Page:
Another question argued we likewise need not resolve. This is whether the remedy under G. L. (Ter. Ed.) c. 191, Section 13, is exclusive. In Thayer v. Kitchen, 200 Mass. 382 , 386, there was a reference to Section 14, R. L. c. 135, a predecessor of c. 191, Section 13, which dealt with proceedings against persons for retaining or concealing wills, and it was intimated that the statutory relief was exclusive. In Sawyer v. Old Lowell Natl. Bank, 230 Mass. 342 , 345-346, it was assumed, without deciding, "that the remedy provided by R. L. c. 135, Section 14, in favor of persons aggrieved by the unreasonable neglect of the possessor of a will to deliver it into the Probate Court, is not exclusive."
We are of opinion that whatever the remedy it would not survive. In Putnam v. Savage, 244 Mass. 83 , 85, it was said through Rugg, C.J., "At common law a right of action for tort does not survive the death either of the person injured
or of the wrongdoer. . . . Resort therefore must be had to the general provisions of the statutes as to survival of actions to ascertain whether this action survives the death of the wrongdoer. If no survival is wrought by statute, the action must abate." See Osterlind v. Hill, 263 Mass. 73 , 75.
General Laws c. 228, Section 1 (as amended through St. 1934, c. 300, Section 1), provides in part: "In addition to the actions which survive by the common law, the following shall survive: . . . (2) Actions of tort . . . (d) for damage to real or personal property."
In Connors v. Newton Natl. Bank, 336 Mass. 649 , it was held that a cause of action against an attorney at law for negligence in the prosecution of a claim did not survive under the statute just quoted. In Jenks v. Hoag, 179 Mass. 583 , it was held that even if an action lies against an attorney for conspiring with a client under examination as a poor debtor to prevent, by false testimony of the client, money from being taken on execution, such action does not survive as being an action "for damage done to real or personal estate." At page 586, it was said, "The statute was intended to give a remedy which should survive only for injuries of a specific character `to real or personal estate.' In . . . the present case there was no damage done to the judgment, considered as a specific part of the property of the plaintiff's intestate. The judgment was entirely unaffected by the defendant's alleged wrong. The wrong was not directed towards the judgment itself. At the most, it merely rendered ineffectual one of the methods by which the creditor hoped to collect the judgment." See Bailey v. Powell, 239 Mass. 110 , 113.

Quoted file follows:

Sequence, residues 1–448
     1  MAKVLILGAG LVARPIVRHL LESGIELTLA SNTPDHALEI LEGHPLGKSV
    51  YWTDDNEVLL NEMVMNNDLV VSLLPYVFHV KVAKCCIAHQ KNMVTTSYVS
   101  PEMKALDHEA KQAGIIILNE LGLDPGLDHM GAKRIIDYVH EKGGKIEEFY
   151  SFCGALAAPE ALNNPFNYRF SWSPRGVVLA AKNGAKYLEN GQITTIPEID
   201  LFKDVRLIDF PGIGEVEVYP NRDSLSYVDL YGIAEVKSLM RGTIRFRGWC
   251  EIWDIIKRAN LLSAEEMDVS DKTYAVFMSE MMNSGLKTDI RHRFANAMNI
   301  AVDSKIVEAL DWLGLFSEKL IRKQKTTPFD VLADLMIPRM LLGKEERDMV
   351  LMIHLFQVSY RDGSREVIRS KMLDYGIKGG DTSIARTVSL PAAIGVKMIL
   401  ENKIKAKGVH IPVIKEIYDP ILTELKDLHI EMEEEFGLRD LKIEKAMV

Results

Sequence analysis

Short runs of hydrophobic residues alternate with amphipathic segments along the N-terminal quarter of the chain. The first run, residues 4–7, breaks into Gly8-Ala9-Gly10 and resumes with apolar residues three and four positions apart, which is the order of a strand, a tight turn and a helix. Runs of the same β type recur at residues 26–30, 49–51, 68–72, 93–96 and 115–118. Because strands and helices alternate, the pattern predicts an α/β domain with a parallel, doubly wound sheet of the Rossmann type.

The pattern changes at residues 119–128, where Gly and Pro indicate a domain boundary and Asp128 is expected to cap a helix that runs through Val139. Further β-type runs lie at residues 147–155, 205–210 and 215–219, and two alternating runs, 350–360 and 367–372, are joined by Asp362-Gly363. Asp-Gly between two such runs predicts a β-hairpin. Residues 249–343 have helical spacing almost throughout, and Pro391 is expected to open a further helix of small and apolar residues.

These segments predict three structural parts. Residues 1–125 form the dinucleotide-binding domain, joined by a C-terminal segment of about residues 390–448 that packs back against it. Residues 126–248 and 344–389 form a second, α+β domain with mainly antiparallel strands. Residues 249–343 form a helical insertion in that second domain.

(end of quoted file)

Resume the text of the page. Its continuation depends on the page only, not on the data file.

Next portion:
These are more recent applications of the rule announced in Read v. Hatch, 19 Pick. 47 , which was an action for fraudulently inducing the plaintiffs to sell goods to a third party on credit. In holding that the action did not survive, it was said by Chief Justice Shaw (pp. 47-48): "It is contended that a false representation, by which one is induced to part with his property, by a sale on credit to an insolvent person,
by means of which he is in danger of losing it, is a damage done to him in respect to his personal property. But we are of opinion that this would be a forced construction, and not conformable to the intent of the statute. If this were the true construction, then every injury by which one should be prevented from pecuniary gain, or subjected to pecuniary loss, would, directly or indirectly, be a damage to his personal property. But we are of opinion that it must have a more limited construction, and be confined to damage done to some specific personal estate, of which one may be the owner. A mere fraud or cheat, by which one sustains a pecuniary loss, cannot be regarded as a damage done to personal estate."
In the case at bar there was negligence but no fraud. There was no damage to property of the estate of Mary Gallagher. The conduct of Mr. Lovering did not diminish the amount of her estate by its interference with the plaintiffs' collection of their legacies. Contrary to the plaintiffs' contention, our cases are clear that such interference did not constitute damage to specific personal property of theirs.
The demurrers were rightly sustained. In each case, let the entry be
Order sustaining demurrer affirmed.
[Note 1] The companion cases are one by Margaret Sharron individually and one by Margaret Sharron, administratrix of the estate of Beatrice W. McGuire, against the same defendant.